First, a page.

the last ditch, and sent them home as-paroled
prisoners of war. ' " When he becomes
President, whenever treason dares to raise
its head he will strike . it . down. Every
man who ' dares to raise his 'hand against
his fellow-man will be -met with the stern
power of the Government. Grant . will
give protection to all through the nation's
strength. This is what Grant intends to
do, and what he believes the duty of the
Executive, as I know from his own declar-
ations. . These Ku-Klux
outrages
must
cease.' You -remember in
18G0,
eight
vears ago, there were threatening in the
j J " -
rebel ; you did not believe it then, but it
was a stern reality. - Do you know they
are better prepared to-day, than they were
then ? They didn't then have this organ
ized Ku-Klux Klan, the existence of
which has been denied j but no man can
deny it now. No man rises up to deny
what Forrest has acknowledged, that this
is a powerful and armed organization ready
to do its work. In 18G0, you know, men
dared to stand up in the South" and de
nounce Secession, and declare their devo
tion to the Union ; now no man can do so
without being in danger of his life. -Speakers
in the South teach people to os
tracise those who speak in defense of the
Union. This you know is the case now,
and that it was not eight years ago, be
fore the Rebellion was organized. These
outrages are encouraged by the men who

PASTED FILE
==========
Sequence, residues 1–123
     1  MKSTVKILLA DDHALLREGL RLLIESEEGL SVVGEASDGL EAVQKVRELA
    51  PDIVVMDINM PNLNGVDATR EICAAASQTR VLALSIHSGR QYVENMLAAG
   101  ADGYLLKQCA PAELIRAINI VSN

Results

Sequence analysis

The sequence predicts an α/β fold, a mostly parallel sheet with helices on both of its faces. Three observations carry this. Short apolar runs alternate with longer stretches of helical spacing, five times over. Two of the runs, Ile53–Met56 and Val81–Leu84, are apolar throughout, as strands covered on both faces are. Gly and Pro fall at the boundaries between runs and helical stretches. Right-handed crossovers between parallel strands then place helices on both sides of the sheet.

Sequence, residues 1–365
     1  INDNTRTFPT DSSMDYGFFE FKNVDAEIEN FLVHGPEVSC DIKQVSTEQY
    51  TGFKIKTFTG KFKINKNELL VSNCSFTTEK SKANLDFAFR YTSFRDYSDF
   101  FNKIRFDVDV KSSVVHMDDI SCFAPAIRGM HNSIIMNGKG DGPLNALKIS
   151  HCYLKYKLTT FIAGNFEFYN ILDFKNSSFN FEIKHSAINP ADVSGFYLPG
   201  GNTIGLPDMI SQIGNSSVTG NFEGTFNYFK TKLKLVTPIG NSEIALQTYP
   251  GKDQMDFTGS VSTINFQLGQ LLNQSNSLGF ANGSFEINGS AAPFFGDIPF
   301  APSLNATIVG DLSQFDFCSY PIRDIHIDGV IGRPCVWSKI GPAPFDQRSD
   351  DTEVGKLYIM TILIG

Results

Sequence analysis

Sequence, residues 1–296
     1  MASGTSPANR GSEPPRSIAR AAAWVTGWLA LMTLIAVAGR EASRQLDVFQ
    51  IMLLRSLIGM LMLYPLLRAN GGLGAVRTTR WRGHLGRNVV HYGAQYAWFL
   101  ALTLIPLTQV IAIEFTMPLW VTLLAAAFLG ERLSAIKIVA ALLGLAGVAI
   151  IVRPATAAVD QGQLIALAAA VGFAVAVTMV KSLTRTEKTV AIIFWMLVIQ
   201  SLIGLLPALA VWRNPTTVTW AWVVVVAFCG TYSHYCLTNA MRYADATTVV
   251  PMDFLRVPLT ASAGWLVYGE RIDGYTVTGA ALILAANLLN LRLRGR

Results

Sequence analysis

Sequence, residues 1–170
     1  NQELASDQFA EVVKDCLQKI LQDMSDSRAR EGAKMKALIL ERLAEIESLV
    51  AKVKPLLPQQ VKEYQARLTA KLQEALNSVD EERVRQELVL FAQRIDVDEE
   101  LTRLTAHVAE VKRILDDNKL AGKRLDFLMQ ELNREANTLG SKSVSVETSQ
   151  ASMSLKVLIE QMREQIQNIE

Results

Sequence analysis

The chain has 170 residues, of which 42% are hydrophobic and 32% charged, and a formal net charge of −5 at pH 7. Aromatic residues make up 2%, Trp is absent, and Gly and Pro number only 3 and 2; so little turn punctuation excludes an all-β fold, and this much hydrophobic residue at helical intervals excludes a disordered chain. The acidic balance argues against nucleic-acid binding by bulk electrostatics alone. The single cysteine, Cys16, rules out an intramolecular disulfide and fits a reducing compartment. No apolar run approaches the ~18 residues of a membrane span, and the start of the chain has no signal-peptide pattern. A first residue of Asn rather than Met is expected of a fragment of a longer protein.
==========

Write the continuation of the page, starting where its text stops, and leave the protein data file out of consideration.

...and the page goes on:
then controlled these States, and thereby
organized the Confederacy, and raised the
armies of the Rebellion to crush the Un
ion ere is only one party that stands up
to-day against this wicked, proscriptive,
and murderous sentiment in the South,
and; that is the glorious Republican party
of the country. Wc have said the power
shall not be put back, into the hands of
these men, the executive, legislative, and
judicial power of these States to use as
they used that same power eight years ago
tn raising armies to destroy the nation.
The Republican party is the only bulwark
against this state of things being repeated.
When you see, in the South, the newspa
pers, which express public opinion, speak
of Union men, who have lived there all
their lives, as scalawags, and when they
speak of the brave soldiers and others from
North who have gone down there and set
tleij.iiS they had the right'to do, and call
them carpet-baggers ; and when you have
seen their threats, in the form of a wood
cut representing a gallows on which to
hang, after next March, those they call